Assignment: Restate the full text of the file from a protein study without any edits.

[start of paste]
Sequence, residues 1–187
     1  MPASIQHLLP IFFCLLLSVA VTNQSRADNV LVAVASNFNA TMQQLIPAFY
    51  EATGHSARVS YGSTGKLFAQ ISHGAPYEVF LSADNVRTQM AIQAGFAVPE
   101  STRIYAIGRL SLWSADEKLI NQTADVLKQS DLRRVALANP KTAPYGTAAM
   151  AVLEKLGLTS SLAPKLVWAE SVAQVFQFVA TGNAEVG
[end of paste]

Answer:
Sequence, residues 1–187
     1  MPASIQHLLP IFFCLLLSVA VTNQSRADNV LVAVASNFNA TMQQLIPAFY
    51  EATGHSARVS YGSTGKLFAQ ISHGAPYEVF LSADNVRTQM AIQAGFAVPE
   101  STRIYAIGRL SLWSADEKLI NQTADVLKQS DLRRVALANP KTAPYGTAAM
   151  AVLEKLGLTS SLAPKLVWAE SVAQVFQFVA TGNAEVG